Clean, or low-carbon, power includes renewable sources – biomass, hydro, wind and solar – as well as nuclear, and these sources also combined to break the record for the volume of clean surplus power produced – 2.9GW. During 2022 there were nearly 100 hours where the grid delivered more clean power than it needed.
Despite this surplus, some fossil fuel generators were required to stay running in order to provide the flexibility and inertia that National Grid ESO relies on to stabilise the power system, although the minimum safe amount of fossil fuels is continuously falling, inching National Grid ESO closer to its 2025 goal of being able to eradicate this during surplus periods.
Dr Iain Staffell of Imperial College London, and lead author of the quarterly Drax Electric Insights report, said:
“Britain’s power grid has undergone a remarkable transformation over the last decade with surplus clean electricity having switched from being a pipe dream to becoming a reality. Electricity is the only form of energy where we produce more than we consume – in comparison to our coal and gas requirements where 60-75% are still imported from abroad.
“Completely eliminating fossil fuels during periods of high renewable output and low demand in the next two years requires significant policy and infrastructure decisions to be made now. Having a new Department for Energy Security and Net Zero is a positive step to focus government attention on this and other key targets, such as delivering the large amount of carbon removals from bioenergy with carbon capture and storage (BECCS) that will make a critical contribution to its legally binding decarbonisation targets.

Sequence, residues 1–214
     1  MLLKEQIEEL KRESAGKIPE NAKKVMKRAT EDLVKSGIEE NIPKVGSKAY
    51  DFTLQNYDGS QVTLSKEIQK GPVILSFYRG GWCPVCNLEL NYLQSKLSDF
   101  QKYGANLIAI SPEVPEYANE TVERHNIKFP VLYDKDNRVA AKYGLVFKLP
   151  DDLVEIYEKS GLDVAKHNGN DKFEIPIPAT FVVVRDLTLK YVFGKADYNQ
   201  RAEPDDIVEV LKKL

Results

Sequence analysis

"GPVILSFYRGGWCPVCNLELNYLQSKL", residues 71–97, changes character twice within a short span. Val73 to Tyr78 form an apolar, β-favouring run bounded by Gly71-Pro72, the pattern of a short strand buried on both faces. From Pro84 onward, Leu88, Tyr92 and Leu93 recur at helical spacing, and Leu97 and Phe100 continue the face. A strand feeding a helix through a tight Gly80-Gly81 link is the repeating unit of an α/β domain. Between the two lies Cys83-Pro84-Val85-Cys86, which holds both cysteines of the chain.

“The UK has led the world in ‘greening its grid’ further and faster than any other major economy and we need to ensure we don’t lose the momentum to make net zero a reality.”
Drax was the first energy company in the world to announce an ambition to be carbon negative by 2030. The company has radically decarbonised its business by transforming its largest power plant – Drax Power Station – to use sustainably sourced biomass to generate renewable electricity instead of coal.
The company plans to deploy BECCS technology at its UK plant by 2027, alongside removing four million tonnes of CO2 from new-build BECCS outside of the UK by 2030.
Will Gardiner, Drax Group CEO, said:
“Being able to generate a surplus of clean, low-carbon electricity is a landmark achievement for the UK.
“At Drax, we believe the UK can go even further in the years ahead by removing millions of tonnes of CO2 from the atmosphere each year while generating reliable, secure renewable electricity through BECCS.
“While countries across the world, and particularly the U.S., are stepping up to address climate change, we believe the UK Government must accelerate its policy support for BECCS to give this country the best chance of establishing itself as a world leader in carbon removals, attracting further clean energy investment and delivering its net zero targets.
“Drax has helped keep the UK’s power grid secure for the past 50 years and through BECCS we will continue to do so for another 50 years.”
View the full report here.
E: [email protected]
About Electric Insights